Thomson Reuters Corporation (NYSE:TRI) (TSE:TRI) stock may have a significant upside in the coming months as the company’s chief competitor, Bloomberg, is under fire from major banks. A Financial Times report on the case says that major US banks are uncomfortable with the way Bloomberg journalists had used the firm’s data to report on the London Whale case.
JPMorgan Chase & Co. (NYSE:JPM) and Goldman Sachs Group Inc. (NYSE:GS) expressed concern about the use of private details about how bankers use Bloomberg terminals in order to steer their reporting on the London Whale case. According to the FT report, JPMorgan has raised informal concerns with the news agency over the practices of its reporters.
A spokesperson for Bloomberg, responding to the inquiry, told the Financial Times that they were unaware of any such complaint. A New York Post article from Thursday showed that Goldman Sachs Group Inc. (NYSE:GS) had made a complaint to Bloomberg about the practices, and partners at the firm were concerned about the security of the information.
It appears that Bloomberg reporters were able to access information from Bloomberg terminals used by clients. That information allowed the company’s reporters to gain a fuller idea about the investment bank’s trading during the London Whale scandal.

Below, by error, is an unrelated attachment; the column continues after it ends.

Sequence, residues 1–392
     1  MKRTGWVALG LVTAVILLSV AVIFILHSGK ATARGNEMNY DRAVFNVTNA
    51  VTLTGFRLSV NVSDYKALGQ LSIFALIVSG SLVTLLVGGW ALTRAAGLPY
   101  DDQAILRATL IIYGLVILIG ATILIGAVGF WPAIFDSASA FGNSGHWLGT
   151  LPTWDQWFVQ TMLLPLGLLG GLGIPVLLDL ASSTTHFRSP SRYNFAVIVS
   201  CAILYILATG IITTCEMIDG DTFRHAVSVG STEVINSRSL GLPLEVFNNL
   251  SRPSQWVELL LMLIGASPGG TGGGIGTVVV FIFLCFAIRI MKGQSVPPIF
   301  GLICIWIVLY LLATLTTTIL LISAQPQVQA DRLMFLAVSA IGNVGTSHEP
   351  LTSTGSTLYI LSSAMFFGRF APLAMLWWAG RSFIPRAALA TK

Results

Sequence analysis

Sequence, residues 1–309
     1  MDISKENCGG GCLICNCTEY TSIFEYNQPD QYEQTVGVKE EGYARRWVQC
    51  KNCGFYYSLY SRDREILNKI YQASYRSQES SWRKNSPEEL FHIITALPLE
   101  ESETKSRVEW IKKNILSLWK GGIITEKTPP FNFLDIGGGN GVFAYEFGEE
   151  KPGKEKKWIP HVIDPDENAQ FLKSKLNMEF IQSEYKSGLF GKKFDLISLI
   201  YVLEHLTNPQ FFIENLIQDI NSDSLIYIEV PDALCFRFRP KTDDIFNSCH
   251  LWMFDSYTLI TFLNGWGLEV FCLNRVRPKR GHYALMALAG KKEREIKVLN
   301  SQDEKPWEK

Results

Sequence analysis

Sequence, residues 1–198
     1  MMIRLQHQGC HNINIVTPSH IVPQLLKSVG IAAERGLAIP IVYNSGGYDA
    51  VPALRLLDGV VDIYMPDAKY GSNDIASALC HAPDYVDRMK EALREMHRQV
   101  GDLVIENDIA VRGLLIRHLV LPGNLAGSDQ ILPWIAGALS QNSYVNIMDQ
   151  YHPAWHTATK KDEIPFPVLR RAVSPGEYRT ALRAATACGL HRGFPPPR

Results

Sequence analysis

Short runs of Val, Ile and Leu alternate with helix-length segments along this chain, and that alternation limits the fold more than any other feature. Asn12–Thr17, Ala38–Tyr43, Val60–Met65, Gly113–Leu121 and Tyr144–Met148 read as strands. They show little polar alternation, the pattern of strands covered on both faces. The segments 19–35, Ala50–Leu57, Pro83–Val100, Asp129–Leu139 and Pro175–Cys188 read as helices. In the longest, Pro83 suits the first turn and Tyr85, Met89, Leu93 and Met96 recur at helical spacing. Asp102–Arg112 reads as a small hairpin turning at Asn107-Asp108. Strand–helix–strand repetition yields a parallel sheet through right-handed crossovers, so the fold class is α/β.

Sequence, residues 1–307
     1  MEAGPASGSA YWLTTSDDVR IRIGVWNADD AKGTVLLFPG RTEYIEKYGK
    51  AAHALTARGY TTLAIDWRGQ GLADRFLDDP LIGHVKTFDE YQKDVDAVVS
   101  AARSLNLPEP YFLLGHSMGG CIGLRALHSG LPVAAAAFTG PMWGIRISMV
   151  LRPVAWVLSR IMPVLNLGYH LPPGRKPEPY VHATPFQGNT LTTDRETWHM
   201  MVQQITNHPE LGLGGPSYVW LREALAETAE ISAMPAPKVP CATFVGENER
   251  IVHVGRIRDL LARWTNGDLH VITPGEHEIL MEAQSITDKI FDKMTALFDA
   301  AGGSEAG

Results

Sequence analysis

Thomson Reuters Corporation (TRI) Statements
In response to a Financial Times query, Thomson Reuters Corporation (NYSE:TRI) (TSE:TRI) stated that its terminal business and newsroom “operate completely independently with reporters having no access to non-public data on its customers, especially any data relating to its customers’ use of its products or services”.
If the complaints against Bloomberg go further, and Bloomberg cannot resolve the problem in a way that appeases the banks, more and more traders may turn to Thompson Reuters Corporation (NYSE:TRI) in order to protect their data from journalist reporting. Bloomberg will have to tread softly in order to maintain its reputation and keep its clients on board.
On today’s market, shares in Thomson Reuters Corporation (NYSE:TRI) (TSE:TRI) rose by a fraction under 1 percent to stand at $34.39 at time of writing. So far in 2013, shares in the company have risen by just over 18 percent. If Bloomberg’s reputation trades poorly as pressure mounts from investment banks, Thomson Reuters could see its stock trade at a premium as it gains users from Bloomberg’s losses.